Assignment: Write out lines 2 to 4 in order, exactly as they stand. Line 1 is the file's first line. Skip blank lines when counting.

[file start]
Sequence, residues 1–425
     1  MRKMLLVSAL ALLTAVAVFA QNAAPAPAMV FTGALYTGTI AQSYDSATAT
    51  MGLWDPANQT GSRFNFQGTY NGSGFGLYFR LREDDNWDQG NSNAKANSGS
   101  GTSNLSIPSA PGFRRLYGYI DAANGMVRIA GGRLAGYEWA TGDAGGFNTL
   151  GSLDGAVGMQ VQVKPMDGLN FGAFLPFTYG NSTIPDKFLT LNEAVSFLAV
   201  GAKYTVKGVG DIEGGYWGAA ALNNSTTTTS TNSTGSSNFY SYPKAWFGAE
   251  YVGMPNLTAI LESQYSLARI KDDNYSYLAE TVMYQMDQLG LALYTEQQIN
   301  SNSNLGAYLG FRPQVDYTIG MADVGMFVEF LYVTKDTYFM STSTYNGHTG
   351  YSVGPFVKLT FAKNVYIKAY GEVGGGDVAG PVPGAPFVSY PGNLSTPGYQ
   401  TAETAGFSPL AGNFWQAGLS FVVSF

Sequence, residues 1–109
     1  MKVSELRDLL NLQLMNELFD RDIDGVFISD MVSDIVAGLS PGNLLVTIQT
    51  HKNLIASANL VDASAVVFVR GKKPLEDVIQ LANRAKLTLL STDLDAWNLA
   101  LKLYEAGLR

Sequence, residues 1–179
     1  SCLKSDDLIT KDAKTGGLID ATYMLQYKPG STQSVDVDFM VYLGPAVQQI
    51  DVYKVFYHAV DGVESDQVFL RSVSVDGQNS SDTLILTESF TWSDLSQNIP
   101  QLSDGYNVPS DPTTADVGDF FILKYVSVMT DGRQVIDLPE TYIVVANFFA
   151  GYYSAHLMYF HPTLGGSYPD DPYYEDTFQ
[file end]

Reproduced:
     1  MRKMLLVSAL ALLTAVAVFA QNAAPAPAMV FTGALYTGTI AQSYDSATAT
    51  MGLWDPANQT GSRFNFQGTY NGSGFGLYFR LREDDNWDQG NSNAKANSGS
   101  GTSNLSIPSA PGFRRLYGYI DAANGMVRIA GGRLAGYEWA TGDAGGFNTL